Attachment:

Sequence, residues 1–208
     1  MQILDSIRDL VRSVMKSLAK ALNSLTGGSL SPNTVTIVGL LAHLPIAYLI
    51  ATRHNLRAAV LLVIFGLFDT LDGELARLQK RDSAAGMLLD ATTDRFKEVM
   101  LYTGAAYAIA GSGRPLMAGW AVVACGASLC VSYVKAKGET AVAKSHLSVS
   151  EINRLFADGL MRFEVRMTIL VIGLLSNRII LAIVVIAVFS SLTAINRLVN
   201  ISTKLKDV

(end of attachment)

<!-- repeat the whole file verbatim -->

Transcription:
Sequence, residues 1–208
     1  MQILDSIRDL VRSVMKSLAK ALNSLTGGSL SPNTVTIVGL LAHLPIAYLI
    51  ATRHNLRAAV LLVIFGLFDT LDGELARLQK RDSAAGMLLD ATTDRFKEVM
   101  LYTGAAYAIA GSGRPLMAGW AVVACGASLC VSYVKAKGET AVAKSHLSVS
   151  EINRLFADGL MRFEVRMTIL VIGLLSNRII LAIVVIAVFS SLTAINRLVN
   201  ISTKLKDV